SUCCESS QUOTES V

quotations about success

No amount of reading or memorizing will make you successful in life. It is the understanding and application of wise thought which counts.

BOB PROCTOR, You Were Born Rich

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There is only one success: to be able to spend your life in your own way, and not to give others absurd maddening claims upon it.

CHRISTOPHER MORLEY, Where the Blue Begins

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If we can once believe that success is possible, success becomes possible.

FRANK CHAPMAN SHARP, Success: A Course in Moral Instruction

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Success is a planned outcome, not an accident. Success and mediocrity are both absolutely predictable because they follow the natural and immutable law of sowing and reaping. Simply stated, if you want to reap more rewards, you must sow more.

TOMMY NEWBERRY, Success Is Not an Accident

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The common idea that success spoils people by making them vain, egotistic, and self-complacent is erroneous; on the contrary, it makes them, for the most part, humble, tolerant, and kind. Failure makes people cruel and bitter.

W. SOMERSET MAUGHAM, The Summing Up

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Success depends on one's general culture, on one's set of values, one's clarity of mind and vivacity. The thing to be most feared is the artificially contrived, the contrary to life.

HENRI CARTIER-BRESSON, Harper's, 1961

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Human nature is the same everywhere; it deifies success, it has nothing but scorn for defeat.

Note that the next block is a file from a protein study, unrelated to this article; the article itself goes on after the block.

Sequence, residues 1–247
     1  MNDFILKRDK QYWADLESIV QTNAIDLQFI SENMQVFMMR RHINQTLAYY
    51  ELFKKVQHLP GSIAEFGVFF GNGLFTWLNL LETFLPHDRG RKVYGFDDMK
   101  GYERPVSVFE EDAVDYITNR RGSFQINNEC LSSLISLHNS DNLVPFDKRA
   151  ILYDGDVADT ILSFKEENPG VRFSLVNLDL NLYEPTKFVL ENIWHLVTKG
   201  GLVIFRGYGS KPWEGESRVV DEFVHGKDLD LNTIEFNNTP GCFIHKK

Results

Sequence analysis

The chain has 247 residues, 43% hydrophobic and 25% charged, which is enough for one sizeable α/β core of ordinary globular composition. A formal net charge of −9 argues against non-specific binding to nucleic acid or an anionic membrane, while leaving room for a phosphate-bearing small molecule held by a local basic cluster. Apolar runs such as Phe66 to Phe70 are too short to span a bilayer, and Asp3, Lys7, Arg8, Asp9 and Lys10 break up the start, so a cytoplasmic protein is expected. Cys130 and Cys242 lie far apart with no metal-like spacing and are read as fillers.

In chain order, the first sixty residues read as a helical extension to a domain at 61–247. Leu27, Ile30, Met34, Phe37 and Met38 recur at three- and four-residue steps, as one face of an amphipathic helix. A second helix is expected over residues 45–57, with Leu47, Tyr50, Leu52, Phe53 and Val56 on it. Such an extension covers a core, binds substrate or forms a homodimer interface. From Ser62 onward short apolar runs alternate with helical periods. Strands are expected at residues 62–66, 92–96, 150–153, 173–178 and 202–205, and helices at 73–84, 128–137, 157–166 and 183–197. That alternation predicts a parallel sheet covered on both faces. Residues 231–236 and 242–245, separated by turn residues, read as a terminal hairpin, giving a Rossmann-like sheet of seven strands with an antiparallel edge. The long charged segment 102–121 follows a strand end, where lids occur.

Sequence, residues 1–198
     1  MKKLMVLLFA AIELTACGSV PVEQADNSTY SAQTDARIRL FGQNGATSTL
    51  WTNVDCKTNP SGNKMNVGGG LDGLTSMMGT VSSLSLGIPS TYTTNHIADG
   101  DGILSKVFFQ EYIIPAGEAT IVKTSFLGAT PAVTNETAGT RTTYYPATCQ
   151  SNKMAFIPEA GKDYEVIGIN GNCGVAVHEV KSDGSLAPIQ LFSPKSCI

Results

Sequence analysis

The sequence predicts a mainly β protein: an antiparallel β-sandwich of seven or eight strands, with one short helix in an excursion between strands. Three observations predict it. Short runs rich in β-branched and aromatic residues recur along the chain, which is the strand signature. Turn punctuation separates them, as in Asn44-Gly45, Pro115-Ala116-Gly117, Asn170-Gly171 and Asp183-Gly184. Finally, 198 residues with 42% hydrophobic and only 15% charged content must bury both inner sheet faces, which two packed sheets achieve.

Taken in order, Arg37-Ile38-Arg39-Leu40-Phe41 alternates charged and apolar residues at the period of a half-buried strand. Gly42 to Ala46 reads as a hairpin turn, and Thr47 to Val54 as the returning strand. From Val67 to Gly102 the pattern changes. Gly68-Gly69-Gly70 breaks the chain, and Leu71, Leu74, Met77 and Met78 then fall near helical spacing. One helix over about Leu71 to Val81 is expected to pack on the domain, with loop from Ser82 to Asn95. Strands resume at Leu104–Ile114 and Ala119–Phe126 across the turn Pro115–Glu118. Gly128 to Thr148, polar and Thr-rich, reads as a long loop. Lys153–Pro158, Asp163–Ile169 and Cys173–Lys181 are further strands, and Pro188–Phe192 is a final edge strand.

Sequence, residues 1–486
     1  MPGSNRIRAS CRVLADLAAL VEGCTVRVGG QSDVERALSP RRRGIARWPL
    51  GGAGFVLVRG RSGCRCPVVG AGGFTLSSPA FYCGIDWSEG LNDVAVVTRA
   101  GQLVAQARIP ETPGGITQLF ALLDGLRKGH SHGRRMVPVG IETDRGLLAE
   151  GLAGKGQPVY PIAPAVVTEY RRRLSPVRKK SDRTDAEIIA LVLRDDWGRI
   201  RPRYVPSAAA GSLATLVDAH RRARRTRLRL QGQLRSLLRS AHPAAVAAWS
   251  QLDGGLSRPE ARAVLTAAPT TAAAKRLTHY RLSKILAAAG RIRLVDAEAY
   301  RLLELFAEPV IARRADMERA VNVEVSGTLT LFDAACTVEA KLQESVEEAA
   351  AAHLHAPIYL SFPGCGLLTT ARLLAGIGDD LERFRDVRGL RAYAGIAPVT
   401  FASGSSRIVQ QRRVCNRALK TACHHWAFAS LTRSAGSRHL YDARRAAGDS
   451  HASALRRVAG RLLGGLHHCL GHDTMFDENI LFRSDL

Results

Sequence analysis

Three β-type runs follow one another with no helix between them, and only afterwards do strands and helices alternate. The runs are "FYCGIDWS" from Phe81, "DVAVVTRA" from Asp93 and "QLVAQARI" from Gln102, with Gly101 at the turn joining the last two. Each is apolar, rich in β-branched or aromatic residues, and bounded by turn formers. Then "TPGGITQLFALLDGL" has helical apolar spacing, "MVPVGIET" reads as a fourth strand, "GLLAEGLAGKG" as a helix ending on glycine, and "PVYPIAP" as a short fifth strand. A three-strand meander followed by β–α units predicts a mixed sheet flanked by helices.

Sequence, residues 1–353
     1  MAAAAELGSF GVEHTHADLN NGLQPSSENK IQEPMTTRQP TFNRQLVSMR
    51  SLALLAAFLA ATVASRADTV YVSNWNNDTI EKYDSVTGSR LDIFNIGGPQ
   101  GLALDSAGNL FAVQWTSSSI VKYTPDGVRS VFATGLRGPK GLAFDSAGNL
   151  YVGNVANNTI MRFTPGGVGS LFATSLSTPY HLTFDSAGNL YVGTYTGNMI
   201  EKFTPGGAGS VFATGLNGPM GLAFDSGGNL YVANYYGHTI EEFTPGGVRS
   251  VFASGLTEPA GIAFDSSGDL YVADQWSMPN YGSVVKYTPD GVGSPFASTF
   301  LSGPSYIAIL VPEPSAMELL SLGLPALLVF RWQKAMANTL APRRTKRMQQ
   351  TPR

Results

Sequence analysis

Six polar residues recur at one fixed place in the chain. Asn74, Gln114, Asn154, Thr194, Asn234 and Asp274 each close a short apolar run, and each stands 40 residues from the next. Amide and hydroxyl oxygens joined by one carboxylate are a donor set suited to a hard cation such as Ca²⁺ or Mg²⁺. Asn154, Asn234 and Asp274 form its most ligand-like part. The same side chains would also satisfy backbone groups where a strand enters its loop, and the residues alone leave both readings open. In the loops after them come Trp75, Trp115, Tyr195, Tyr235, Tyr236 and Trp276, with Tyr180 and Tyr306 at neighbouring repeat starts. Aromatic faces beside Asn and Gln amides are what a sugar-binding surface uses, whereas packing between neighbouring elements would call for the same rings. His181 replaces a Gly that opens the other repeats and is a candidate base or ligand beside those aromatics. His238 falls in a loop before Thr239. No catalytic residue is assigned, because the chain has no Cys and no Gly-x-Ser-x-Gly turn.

MARK TWAIN, Joan of Arc

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Success is not something you achieve, conquer, climb, or complete. Success is a process; it's a way of life.

ANTHONY ROBBINS, Unlimited Power: A Black Choice

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Again, it must be confessed that success does not always yield the happiness expected; that the prizes of life, like the apples of Sodom, often turn to ashes in the grasp.

WILLIAM MATTHEWS, "Success and Failure", Hints on Success in Life

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There has appeared in our time a particular class of books and articles which I sincerely and solemnly think may be called the silliest ever known among men. They are much more wild than the wildest romances of chivalry and much more dull than the dullest religious tract. Moreover, the romances of chivalry were at least about chivalry; the religious tracts are about religion. But these things are about nothing; they are about what is called Success. On every bookstall, in every magazine, you may find works telling people how to succeed. They are books showing men how to succeed in everything; they are written by men who cannot even succeed in writing books. To begin with, of course, there is no such thing as Success. Or, if you like to put it so, there is nothing that is not successful. That a thing is successful merely means that it is; a millionaire is successful in being a millionaire and a donkey in being a donkey. Any live man has succeeded in living; any dead man may have succeeded in committing suicide. But, passing over the bad logic and bad philosophy in the phrase, we may take it, as these writers do, in the ordinary sense of success in obtaining money or worldly position. These writers profess to tell the ordinary man how he may succeed in his trade or speculation--how, if he is a builder, he may succeed as a builder; how, if he is a stockbroker, he may succeed as a stockbroker. They profess to show him how, if he is a grocer, he may become a sporting yachtsman; how, if he is a tenth-rate journalist, he may become a peer; and how, if he is a German Jew, he may become an Anglo-Saxon. This is a definite and business-like proposal, and I really think that the people who buy these books (if any people do buy them) have a moral, if not a legal, right to ask for their money back. Nobody would dare to publish a book about electricity which literally told one nothing about electricity; no one would dare to publish an article on botany which showed that the writer did not know which end of a plant grew in the earth. Yet our modern world is full of books about Success and successful people which literally contain no kind of idea, and scarcely any kind of verbal sense.